- Unhelpful product design — Some objects are harder to manipulate with a robot than others. Even if your robot program is entirely accurate, you may see inaccuracies in the robot’s actions if the objects it manipulates are not designed with robots in mind.
- Different coordinate systems — Robot manufacturers sometimes use different coordinate systems. This can cause inaccuracies if the wrong system is used or if errors are introduced when converting between different systems.
- Wrong reference frame — All positions in a robot program are given relative to a reference frame. Sometimes this is a fixed frame, e.g. the robot’s base, but you can also make it relative to another frame, like the manipulated object. Poorly calibrating this frame can cause inaccuracies.
- Lack of testing — Test your program. Even when your cell is properly calibrated, you should always test the program thoroughly in software and then double check it on the real robot before you go into production.
You can solve most of these problems by using good offline programming software (like RoboDK) and calibrating your robot.
How to Calibrate Your Offline Program
As Automation manager Jens Fetzer says “Offline programming for robots will never work … unless you calibrate your workcell.”
Calibration is the key to an accurate robot program. This is true for any robot program, but it is especially important for offline programming.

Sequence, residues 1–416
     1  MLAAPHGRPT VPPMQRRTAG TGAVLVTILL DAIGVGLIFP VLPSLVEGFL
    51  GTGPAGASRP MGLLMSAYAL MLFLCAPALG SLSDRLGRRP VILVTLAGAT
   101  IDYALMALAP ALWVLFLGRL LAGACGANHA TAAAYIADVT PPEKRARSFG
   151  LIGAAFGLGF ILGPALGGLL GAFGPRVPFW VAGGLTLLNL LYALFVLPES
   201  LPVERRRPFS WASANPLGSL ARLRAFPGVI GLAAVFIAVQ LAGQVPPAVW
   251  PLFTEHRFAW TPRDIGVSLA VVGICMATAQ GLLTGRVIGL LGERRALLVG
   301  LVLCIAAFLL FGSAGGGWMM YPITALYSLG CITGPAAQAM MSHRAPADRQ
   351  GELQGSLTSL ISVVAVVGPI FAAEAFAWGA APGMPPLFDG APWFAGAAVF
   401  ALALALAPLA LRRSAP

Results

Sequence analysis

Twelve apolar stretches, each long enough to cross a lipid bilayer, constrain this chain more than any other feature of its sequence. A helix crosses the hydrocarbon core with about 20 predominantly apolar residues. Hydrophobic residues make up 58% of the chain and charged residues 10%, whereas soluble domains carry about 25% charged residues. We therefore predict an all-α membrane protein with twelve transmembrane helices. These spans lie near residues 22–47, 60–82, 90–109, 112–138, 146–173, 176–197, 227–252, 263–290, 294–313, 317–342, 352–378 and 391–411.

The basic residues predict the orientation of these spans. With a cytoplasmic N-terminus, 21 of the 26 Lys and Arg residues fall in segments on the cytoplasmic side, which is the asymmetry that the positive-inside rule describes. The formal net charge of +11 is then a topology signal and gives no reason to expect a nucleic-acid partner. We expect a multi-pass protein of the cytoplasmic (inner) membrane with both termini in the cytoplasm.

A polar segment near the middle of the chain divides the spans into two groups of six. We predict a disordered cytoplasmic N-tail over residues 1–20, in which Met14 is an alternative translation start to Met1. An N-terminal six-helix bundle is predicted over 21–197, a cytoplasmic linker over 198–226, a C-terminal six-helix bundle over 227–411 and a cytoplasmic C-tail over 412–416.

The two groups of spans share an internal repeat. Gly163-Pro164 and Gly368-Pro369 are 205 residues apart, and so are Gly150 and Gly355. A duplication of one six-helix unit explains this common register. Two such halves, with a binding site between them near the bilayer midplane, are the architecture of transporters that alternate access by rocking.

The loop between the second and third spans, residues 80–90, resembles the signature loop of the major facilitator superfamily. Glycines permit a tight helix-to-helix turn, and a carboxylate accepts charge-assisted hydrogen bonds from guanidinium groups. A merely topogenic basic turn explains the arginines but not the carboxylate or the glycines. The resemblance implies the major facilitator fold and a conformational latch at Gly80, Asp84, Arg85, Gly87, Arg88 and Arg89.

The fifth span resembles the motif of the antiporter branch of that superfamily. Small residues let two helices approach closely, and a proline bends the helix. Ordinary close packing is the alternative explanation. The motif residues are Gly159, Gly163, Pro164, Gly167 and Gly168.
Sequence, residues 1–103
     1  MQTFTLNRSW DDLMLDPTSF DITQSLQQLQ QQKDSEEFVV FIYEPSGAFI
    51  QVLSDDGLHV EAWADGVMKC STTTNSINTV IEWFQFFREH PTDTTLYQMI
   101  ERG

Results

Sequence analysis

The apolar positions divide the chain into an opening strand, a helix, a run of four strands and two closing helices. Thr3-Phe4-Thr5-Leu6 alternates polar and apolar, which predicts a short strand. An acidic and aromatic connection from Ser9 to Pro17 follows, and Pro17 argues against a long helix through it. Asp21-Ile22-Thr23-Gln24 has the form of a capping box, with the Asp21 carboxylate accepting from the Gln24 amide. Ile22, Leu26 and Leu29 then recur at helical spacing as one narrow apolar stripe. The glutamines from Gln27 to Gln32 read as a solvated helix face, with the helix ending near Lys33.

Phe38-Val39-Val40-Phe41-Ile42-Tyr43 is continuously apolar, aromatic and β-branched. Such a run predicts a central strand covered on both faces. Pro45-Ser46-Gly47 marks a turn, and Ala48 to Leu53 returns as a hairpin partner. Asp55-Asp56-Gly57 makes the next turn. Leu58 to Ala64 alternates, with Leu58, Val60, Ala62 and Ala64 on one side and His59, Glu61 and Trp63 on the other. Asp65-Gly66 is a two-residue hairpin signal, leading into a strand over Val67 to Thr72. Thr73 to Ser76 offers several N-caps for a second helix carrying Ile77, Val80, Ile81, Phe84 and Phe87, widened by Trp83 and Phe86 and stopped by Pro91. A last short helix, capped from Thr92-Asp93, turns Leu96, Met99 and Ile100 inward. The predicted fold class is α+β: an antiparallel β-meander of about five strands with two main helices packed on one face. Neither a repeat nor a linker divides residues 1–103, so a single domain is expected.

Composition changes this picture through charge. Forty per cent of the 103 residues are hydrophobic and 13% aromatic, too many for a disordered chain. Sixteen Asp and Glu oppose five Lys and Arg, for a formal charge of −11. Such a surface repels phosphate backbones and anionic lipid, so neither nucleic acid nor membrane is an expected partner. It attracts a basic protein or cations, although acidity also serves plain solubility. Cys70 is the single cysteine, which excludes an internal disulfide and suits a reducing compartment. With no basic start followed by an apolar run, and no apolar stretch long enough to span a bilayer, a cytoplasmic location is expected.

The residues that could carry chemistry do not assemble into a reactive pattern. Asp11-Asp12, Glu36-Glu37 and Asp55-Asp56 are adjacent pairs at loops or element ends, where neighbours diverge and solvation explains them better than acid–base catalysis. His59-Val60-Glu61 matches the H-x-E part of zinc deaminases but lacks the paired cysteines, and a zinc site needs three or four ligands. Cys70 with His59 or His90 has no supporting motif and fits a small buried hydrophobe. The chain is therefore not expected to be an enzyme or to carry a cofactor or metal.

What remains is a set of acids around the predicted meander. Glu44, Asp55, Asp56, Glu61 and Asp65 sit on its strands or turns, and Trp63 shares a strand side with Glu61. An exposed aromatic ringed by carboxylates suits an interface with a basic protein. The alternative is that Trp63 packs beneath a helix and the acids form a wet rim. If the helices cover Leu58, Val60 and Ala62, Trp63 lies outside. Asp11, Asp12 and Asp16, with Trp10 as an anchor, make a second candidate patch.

If you’re comparing offline programming packages, make sure that it is easy and accurate to calibrate the robot, tools and reference frames before you begin to create programs. There’s nothing worse than spending hours on a program, only to find that the calibration procedure in the software you are using is non-existent or cumbersome.
Here are the four steps to calculating your robot with RoboDK.
1. Calibrate Your Tool (TCP/Tool Center Point)
The Tool Center Point (TCP) is the point that you will most often use to direct the movements of your robot. For example, it might correspond to the center of a gripper, the tip of a welder, or the tip of a spindle cutter for robot machining.
Calibration involves moving the physical robot to points within its workspace then recording the real position of its joints. The software then uses this information to adjust its model to more accurately correspond to the real robot.
There are two ways to calibrate TCP in RoboDK:
- By Point — The traditional way to calibrate the TCP is to touch the same point using various orientations. You can do this by using the “Calib XYZ by point” function.
- By Plane — Another option is to touch various points (at various orientations) on one plane with the tool tip. This is particularly useful if the TCP is a sphere, rather than a single point. You can do this by using the “Calib XYZ by plane” function.